Per, FanGraphs, here’s an overall list of fielders who cost their teams the most runs on defense from 2003-2014:

  1. Derek Jeter (-152)
  2. Prince Fielder (-95)
  3. Hanley Ramirez (-73)
  4. Yuniesky Betancourt (-66)
  5. Dan Uggla (-66)

Throughout his “Gold Glove” years, his DRS stood at -92, 204 runs worse than Pittsburgh Pirates shortstop Jack Wilson, who registered the most DRS (112) from 2004 to 2010.

Ultimate Zone Rating (UZR) — the number of runs above or below average a fielder is, per 150 defensive games — also joins DRS in the fight against the general notion that Jeter was a solid defensive shortstop. 

Since 2003 (again, when these advanced metrics were brought into the picture), Jeter’s rating of -76.1 ranks dead last among qualified shortstops and is second-worst to only right fielder Jermaine Dye (-103.4) when compared to every position.

Then, there was his range. We won’t get too far into this one but his poor DRS and UZR were severely influenced by his range runs — the number of runs above or below average a fielder is determined by how the fielder is able to get to balls hit in his vicinity — rating of -99.9.

Ask any expert or player/coach that has been around the game and they’ll likely tell you that the shortstop position demands the utmost range of the four infield positions. Jeter’s range was, of course, dead last among qualified shortstops trailing the second-worst by a whopping 54.6 runs.

Does an average shortstop with average range get to that ball off the bat of Trot Nixon in shallow left field against the Boston Red Sox without his momentum carrying him into the seats? Maybe.

Was Alex Rodriguez, who posted the third-best DRS at shortstop before being traded to New York on February 16, 2004, better off manning the shortstop position in the Bronx rather than the hot corner? There is a substantial argument there.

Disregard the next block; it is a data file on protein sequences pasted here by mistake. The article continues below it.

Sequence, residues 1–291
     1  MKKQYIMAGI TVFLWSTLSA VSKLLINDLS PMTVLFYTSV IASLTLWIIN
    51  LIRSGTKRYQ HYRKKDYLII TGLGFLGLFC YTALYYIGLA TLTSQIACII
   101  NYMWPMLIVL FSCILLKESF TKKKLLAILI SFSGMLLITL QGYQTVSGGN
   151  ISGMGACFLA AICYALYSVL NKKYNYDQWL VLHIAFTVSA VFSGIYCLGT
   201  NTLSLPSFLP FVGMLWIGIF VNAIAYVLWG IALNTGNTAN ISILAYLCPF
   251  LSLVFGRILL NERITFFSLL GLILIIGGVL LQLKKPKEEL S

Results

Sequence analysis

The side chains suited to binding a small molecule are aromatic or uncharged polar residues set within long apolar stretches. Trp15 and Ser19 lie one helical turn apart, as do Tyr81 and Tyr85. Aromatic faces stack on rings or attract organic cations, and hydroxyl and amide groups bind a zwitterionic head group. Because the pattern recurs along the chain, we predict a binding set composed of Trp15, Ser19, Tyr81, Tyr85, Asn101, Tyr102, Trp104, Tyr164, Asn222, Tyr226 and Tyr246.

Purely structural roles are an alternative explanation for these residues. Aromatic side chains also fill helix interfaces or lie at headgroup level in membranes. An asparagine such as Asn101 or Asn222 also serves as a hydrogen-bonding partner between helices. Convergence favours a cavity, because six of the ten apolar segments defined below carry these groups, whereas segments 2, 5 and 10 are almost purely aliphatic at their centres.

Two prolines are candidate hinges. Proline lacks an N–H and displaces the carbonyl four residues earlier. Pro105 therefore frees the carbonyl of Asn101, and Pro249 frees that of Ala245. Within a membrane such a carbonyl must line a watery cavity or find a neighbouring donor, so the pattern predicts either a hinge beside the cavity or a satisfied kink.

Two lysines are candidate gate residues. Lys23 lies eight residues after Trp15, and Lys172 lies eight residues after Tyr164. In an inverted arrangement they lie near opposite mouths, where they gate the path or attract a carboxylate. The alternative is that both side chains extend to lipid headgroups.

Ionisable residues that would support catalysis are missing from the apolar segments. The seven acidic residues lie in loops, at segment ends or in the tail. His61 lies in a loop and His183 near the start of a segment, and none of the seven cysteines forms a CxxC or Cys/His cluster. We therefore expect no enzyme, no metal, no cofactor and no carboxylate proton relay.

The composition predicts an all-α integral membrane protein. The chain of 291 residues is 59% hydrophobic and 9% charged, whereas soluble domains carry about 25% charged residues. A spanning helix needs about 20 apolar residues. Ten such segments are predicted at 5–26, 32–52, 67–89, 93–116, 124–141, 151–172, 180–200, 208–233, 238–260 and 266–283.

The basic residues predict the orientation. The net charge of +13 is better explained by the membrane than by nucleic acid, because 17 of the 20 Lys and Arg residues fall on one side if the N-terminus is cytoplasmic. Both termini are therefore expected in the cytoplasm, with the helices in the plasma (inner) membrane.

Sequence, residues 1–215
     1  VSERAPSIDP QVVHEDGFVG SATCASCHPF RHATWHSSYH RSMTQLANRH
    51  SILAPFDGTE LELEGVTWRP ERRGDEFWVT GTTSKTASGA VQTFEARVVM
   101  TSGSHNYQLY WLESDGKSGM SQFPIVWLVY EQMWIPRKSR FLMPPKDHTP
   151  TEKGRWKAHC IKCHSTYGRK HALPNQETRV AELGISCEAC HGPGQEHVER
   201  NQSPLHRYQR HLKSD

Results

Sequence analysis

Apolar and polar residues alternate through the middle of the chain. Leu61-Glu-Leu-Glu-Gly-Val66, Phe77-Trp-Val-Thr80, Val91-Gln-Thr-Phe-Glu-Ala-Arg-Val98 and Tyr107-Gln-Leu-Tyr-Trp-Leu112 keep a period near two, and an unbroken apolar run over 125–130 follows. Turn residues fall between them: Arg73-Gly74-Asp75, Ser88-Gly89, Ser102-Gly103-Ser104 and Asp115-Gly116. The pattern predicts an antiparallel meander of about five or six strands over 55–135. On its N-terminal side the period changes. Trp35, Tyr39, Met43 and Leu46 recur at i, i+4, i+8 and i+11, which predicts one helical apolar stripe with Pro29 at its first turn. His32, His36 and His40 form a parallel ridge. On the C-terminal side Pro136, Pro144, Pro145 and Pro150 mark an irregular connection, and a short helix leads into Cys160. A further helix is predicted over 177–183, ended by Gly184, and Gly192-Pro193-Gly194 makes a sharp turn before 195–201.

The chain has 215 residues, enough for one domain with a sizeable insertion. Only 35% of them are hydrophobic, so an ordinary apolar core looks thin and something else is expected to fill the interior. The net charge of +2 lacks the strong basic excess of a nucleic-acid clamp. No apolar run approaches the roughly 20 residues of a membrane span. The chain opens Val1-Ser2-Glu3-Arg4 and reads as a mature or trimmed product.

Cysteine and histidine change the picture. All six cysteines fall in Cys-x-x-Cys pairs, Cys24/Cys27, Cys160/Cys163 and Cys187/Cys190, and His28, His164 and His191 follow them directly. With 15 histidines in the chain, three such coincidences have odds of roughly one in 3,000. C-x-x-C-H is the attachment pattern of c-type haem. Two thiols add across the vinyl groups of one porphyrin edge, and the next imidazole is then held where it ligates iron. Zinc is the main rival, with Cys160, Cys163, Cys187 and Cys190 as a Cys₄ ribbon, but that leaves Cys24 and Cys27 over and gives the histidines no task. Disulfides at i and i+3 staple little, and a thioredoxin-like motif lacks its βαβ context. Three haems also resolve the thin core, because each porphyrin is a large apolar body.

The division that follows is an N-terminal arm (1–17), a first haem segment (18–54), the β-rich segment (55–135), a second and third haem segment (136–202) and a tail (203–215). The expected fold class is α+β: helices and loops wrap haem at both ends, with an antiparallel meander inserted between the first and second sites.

Like I said in the beginning, this isn’t meant to troll the legacy of Derek Jeter. What these defensive metrics don’t account for is the fact that Jeter spent the entirety of his career at one of the sport’s most physically demanding positions.

At shortstop, Jeter is easily one of the game’s worst defenders of his time and the point is: while he’ll still be a first ballot Hall Of Famer, one should take into account that defense is essential when it comes time to assess a player’s overall value.

Yes, he will be immortalized in Monument Park on Sunday, but just like we address his greatest moments, his greatest shortcomings must be considered as well.


*SOMETHING NOT MENTIONED: Jeter’s flip play is the definition of a heads up play and his ability to race across the diamond to make an accurate flip to Jorge Posada is arguably one of the greatest plays by a shortstop in baseball history. It wasn’t all bad.*